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Clioquinol induces G2/M cell cycle arrest through the up-regulation of TDH3 in Saccharomyces cerevisiae
- Yan, Chongjia, Wang, Song, Wang, Jian, Li, Hui, Huang, Zhiwei, Sun, Jing, Peng, Min, Liu, Wenbin, Shi, Ping
- Microbiological research 2018 v.214 pp. 1-7
- Candida albicans, Saccharomyces cerevisiae, amino acid metabolism, anti-infective agents, cell cycle checkpoints, databases, fermentation, gene expression regulation, gene overexpression, genes, gluconeogenesis, glycolysis, interphase, mechanism of action, messenger RNA, proteins, proteomics, reactive oxygen species, redox reactions, reverse transcriptase polymerase chain reaction, two-dimensional gel electrophoresis, yeasts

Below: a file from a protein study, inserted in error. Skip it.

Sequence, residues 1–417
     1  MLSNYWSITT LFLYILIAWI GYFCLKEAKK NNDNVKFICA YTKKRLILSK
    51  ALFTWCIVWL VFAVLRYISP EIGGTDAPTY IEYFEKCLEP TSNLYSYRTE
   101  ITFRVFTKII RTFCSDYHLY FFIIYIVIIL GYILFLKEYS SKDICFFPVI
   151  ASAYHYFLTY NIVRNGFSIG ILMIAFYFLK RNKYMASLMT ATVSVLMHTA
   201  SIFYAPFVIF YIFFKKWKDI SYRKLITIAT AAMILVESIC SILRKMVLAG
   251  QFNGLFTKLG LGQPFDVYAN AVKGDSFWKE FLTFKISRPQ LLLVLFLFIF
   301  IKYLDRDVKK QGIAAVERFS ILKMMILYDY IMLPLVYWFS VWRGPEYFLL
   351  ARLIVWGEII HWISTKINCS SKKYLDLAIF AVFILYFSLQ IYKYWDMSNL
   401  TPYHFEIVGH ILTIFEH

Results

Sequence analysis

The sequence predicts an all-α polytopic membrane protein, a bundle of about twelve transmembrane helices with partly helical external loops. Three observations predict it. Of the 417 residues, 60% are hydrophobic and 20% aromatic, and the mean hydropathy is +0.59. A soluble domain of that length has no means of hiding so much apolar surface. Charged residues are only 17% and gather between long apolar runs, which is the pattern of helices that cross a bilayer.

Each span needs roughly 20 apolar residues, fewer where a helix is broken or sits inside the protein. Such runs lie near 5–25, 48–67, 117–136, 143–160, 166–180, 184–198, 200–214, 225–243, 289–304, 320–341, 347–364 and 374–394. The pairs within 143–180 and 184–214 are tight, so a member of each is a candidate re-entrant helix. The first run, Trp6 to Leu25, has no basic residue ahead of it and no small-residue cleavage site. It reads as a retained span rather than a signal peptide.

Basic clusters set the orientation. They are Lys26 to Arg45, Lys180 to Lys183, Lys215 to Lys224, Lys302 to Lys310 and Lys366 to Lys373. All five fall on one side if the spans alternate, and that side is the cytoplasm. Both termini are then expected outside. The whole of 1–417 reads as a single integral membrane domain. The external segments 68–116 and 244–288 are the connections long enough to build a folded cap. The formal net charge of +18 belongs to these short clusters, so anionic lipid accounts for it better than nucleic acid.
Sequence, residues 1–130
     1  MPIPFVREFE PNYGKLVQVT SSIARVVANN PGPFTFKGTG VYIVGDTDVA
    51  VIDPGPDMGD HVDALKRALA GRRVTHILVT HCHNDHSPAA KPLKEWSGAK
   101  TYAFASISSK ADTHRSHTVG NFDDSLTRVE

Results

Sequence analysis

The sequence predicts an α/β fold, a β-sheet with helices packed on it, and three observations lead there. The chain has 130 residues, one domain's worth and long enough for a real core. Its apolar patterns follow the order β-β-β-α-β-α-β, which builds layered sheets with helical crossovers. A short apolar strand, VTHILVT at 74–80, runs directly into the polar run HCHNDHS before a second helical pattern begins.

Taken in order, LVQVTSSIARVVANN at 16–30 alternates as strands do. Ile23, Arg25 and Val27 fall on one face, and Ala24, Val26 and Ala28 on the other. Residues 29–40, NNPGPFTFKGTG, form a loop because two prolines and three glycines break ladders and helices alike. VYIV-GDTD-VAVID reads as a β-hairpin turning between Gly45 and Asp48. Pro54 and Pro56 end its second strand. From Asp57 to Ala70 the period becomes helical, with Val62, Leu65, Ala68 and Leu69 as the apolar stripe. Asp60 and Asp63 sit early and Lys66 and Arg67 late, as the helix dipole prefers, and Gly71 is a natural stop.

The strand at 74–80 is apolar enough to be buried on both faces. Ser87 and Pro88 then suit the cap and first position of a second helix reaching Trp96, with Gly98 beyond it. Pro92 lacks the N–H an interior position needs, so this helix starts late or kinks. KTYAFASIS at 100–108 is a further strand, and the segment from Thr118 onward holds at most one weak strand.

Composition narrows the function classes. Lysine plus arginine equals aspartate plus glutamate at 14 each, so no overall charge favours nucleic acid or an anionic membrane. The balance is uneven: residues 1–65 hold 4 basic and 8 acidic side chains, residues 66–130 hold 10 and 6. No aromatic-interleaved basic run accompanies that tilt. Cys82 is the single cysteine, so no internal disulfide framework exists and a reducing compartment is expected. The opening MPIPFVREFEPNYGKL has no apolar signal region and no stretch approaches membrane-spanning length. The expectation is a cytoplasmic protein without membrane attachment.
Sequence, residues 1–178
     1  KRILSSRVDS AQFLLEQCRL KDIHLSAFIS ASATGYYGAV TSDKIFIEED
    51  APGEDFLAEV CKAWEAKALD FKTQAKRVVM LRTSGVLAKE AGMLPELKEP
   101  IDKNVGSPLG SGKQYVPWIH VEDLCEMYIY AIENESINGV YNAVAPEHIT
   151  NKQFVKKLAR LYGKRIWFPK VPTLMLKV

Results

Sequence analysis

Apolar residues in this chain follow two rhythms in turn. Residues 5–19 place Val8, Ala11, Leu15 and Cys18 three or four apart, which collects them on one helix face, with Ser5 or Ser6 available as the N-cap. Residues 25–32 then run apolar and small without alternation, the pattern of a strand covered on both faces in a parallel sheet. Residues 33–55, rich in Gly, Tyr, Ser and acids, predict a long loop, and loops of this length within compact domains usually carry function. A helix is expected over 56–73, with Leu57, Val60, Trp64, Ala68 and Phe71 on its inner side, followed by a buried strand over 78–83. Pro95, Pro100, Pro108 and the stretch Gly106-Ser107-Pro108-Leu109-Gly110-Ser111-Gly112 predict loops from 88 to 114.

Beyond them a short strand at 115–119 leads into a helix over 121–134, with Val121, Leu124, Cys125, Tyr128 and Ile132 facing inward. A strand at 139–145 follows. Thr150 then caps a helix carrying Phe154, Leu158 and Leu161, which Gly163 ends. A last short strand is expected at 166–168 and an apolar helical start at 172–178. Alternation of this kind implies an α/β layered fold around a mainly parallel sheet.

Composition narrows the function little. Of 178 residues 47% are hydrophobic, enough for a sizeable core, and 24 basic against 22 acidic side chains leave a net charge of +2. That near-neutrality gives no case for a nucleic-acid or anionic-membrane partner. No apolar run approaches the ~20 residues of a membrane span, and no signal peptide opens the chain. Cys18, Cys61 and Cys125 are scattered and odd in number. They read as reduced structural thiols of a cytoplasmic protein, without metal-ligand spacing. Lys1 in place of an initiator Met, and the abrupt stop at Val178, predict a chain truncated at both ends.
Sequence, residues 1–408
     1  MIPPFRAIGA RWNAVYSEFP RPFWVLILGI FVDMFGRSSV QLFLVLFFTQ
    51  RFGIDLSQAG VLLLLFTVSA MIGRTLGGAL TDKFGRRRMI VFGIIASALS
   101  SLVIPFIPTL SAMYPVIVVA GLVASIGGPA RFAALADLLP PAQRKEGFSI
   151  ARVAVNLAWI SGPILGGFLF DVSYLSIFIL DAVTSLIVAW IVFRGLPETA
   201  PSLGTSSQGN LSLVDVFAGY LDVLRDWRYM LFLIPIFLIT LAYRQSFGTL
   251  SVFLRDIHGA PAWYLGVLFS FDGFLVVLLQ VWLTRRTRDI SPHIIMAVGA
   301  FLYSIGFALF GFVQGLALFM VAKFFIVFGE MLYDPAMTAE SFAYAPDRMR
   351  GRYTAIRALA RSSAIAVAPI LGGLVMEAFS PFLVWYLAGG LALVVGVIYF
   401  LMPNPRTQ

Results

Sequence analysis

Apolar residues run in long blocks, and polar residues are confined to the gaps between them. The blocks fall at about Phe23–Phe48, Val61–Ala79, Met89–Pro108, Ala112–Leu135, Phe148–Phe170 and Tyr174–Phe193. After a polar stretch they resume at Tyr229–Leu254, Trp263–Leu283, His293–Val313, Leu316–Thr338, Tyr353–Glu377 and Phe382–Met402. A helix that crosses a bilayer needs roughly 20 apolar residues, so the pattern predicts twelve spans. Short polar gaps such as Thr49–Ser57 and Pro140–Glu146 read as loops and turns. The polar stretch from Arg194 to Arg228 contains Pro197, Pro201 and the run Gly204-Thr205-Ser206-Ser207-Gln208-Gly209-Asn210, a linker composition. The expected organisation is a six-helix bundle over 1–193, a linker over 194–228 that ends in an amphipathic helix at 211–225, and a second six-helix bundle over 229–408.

- Clioquinol (CQ) has been used as a classical antimicrobial agent for many years. However, its mode of action is still unclear. In our study, the growth of Candida albicans and Saccharomyces cerevisiae was inhibited by CQ. It did not kill yeast cells, but shortened G1 phase and arrested cell cycle at G2/M phase. By using two-dimensional electrophoresis based proteomic approach, six proteins were found to be significantly affected by CQ. Among them, four (PDC1, ADH1, TDH3, IPP1) were up-regulated and the other two (TDH1 and PGK1) were down-regulated. According to the Saccharomyces Genome Database (SGD), these proteins were involved in various biological processes including glycolytic fermentation, gluconeogenesis, glycolytic process, amino acid catabolism, redox reaction and reactive oxygen species metabolic process. It was noted that there was a link between TDH3 and cell cycle. The overexpression of TDH3 phenocopied CQ treatment and arrested the cell cycle at G2/M phase. RT-PCR analysis showed that the mRNA levels of CLN3 and CDC28, critical genes for passage through G1 phase, were up-regulated after the treatment of CQ as well as the overexpression of TDH3. It demonstrates that CQ inhibits the growth of yeast by up-regulating the expression of TDH3 to influence the cell cycle. It is expected to provide new insights for the antimicrobial mechanism of CQ.